Cook County, Illinois, recently brought the elimination of construction waste to a new level by creating the first demolition debris ordinance in the Midwest. This groundbreaking ordinance requires most of the debris created from demolition to be recycled and reused instead of being sent to the landfill. The ordinance helps contribute to Cook County’s zero waste goal, part of the Solid Waste Plan Update.
The new law states that at least 7 percent of suburban construction and demolition debris must be recycled, and an additional 5 percent must be reused on residential properties. This new legislation will have a great impact as it affects about 2.5 million suburban Cook County residents.
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Building debris takes up an astonishing 40 percent of landfill material nationwide. This new law will not only bring down the debris amounts in landfills, but will also save materials that are valuable and easily reused, such as lumber and finished components. It is important to keep the waste down because Cook County’s one remaining landfill only has a few years of capacity left. By recycling instead of creating waste, the lifespan of this landfill is sure to increase.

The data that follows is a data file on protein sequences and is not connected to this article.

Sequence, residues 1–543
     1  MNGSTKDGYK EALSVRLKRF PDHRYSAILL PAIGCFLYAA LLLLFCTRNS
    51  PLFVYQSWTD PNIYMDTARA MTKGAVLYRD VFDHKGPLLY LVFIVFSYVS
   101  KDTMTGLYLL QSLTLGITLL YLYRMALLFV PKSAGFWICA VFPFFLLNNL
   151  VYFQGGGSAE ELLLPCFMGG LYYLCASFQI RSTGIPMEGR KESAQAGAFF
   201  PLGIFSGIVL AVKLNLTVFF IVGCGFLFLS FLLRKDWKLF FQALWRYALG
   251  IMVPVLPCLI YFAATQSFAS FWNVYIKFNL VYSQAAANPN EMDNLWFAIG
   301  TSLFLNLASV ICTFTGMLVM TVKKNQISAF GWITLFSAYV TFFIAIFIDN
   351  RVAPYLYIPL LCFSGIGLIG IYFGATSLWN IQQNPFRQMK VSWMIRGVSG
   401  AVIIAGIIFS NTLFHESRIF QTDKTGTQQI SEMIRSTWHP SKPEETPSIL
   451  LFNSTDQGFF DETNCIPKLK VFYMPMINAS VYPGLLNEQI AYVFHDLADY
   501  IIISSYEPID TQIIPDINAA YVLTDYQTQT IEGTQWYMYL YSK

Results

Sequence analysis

In addition to saving materials and saving space in landfills, the new ordinance will also be creating jobs. Recycling just 5 percent of demolition debris from about 30 residential structures can support at least one new retail center with up to five jobs and 30 full-time deconstruction workers. Recycling demolition waste will generate jobs, stabilize local economies, and create a steady supply stream of materials for construction, renovation, and infrastructure building.
Many contractors already salvage a significant percentage of materials from demolition sites, but this ordinance will ensure that all contractors are aiding in the zero waste goal. Education is key for the new ordinance; the more aware contractors are, the more beneficial it will be.
Chicago’s new ordinance may be an inspiration to other cities to do the same. Only a few additional cities in the US currently require reuse, including Seattle, Berkeley, and Boulder. Eventually, these laws will hopefully become the norm throughout the country.